where A is D-tyrosine, L-tyrosine, D-3-iodotyrosine, L-3-iodotyrosine, D-3,5-diiodotyrosine, L-3,5-diiodotyrosine, D-4-aminophenylalanine, or L-4-aminophenylalanine; B is D-lysine, L-lysine, D-arginine, L-arginine, D- or L-1,3-diaminopropionic acid, D- or L-1,4-diaminobutanoic acid, D-NH2—CH(Z)—CO2H, or L-NH2—CH(Z)—CO2H, wherein Z is (CH2)yNH2, wherein y is 1-10; X is A or B; W is absent or is NH2(CH2)tCO, wherein t=2-10; n is 1-10; and each (A-B) may be the same as or different from each other (A-B),

where the somatostatin analog specifically binds to the somatostatin receptor; and (c) administering a neoplastic cell growth-arresting amount of the somatostatin analog to the animal. Preferably, the animal is a mammal (e.g., a human).

In a third aspect, the invention features a method for treating or alleviating a neoplasm in an animal that includes the steps of: (a) providing an animal including a somatostatin receptor-bearing neoplastic cell; (b) providing a detectably labeled somatostatin analog, where the detectable label is toxic and the analog has the formula:

W-X-(A-B)n-somatostatin peptide

where A is D-tyrosine, L-tyrosine, D-3-iodotyrosine, L-3-iodotyrosine, D-3,5-diiodotyrosine, L-3,5-diiodotyrosine, D-4-aminophenylalanine, or L-4-aminophenylalanine; B is D-lysine, L-lysine, D-arginine, L-arginine, D- or L-1,3-diaminopropionic acid, D- or L-1,4-diaminobutanoic acid, D-NH2—CH(Z)—CO2H, or L-NH2—CH(Z)—CO2H, wherein Z is (CH2)yNH2, wherein y is 1-10; X is A or B; W is absent or is NH2(CH2)tCO, wherein t=2-10; n is 1-10; and each (A-B) may be the same as or different from each other (A-B),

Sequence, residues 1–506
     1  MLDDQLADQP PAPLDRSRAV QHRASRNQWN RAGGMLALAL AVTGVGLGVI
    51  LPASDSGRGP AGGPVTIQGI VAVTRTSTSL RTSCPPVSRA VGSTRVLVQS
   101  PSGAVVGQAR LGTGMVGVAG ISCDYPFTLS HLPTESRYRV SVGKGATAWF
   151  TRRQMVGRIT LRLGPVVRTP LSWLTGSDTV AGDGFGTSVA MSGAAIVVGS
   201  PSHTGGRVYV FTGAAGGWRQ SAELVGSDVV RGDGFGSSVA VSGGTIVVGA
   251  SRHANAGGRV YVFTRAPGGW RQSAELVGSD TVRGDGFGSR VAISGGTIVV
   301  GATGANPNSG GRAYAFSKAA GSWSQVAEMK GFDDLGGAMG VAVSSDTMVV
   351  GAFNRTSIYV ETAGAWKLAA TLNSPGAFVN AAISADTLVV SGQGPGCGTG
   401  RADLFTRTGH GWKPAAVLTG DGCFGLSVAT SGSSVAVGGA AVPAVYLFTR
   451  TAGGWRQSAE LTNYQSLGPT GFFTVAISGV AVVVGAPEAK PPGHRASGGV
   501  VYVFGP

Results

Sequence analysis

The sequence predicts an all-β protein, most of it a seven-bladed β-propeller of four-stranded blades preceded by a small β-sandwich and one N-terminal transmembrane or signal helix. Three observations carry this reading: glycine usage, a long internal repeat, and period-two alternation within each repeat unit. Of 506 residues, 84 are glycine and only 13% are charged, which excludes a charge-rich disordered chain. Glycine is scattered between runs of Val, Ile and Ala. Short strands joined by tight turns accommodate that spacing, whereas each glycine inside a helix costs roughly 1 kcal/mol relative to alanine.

where the somatostatin analog specifically binds to the somatostatin receptor; and (c) administering a neoplastic cell growth-arresting amount of the somatostatin analog to the animal. Preferably, the animal is a mammal (e.g., a human).

In a fourth aspect, the invention features a method for imaging a somatostatin receptor-bearing cell in an animal that includes the steps of: (a) providing an animal including a somatostatin receptor-bearing cell; (b) providing a detectably labeled somatostatin analog of the formula:

W-X-(A-B)n-somatostatin peptide

where A is D-tyrosine, L-tyrosine, D-3-iodotyrosine, L-3-iodotyrosine, D-3,5-diiodotyrosine, L-3,5-diiodotyrosine, D-4-aminophenylalanine, or L-4-aminophenylalanine; B is D-lysine, L-lysine, D-arginine, L-arginine, D- or L-1,3-diaminopropionic acid, D- or L-1,4-diaminobutanoic acid, D-NH2—CH(Z)—CO2H, or L-NH2—CH(Z)—CO2H, wherein Z is (CH2)yNH2, wherein y is 1-10; X is A or B; W is absent or is NH2(CH2)tCO, wherein t=2-10; n is 1-10; and each (A-B) may be the same as or different from each other (A-B),

where the somatostatin analog specifically binds to the somatostatin receptor; and (c) administering the somatostatin analog to the animal, wherein the administration allows for the imaging of the cell. Preferably, the animal is a mammal (e.g., a human).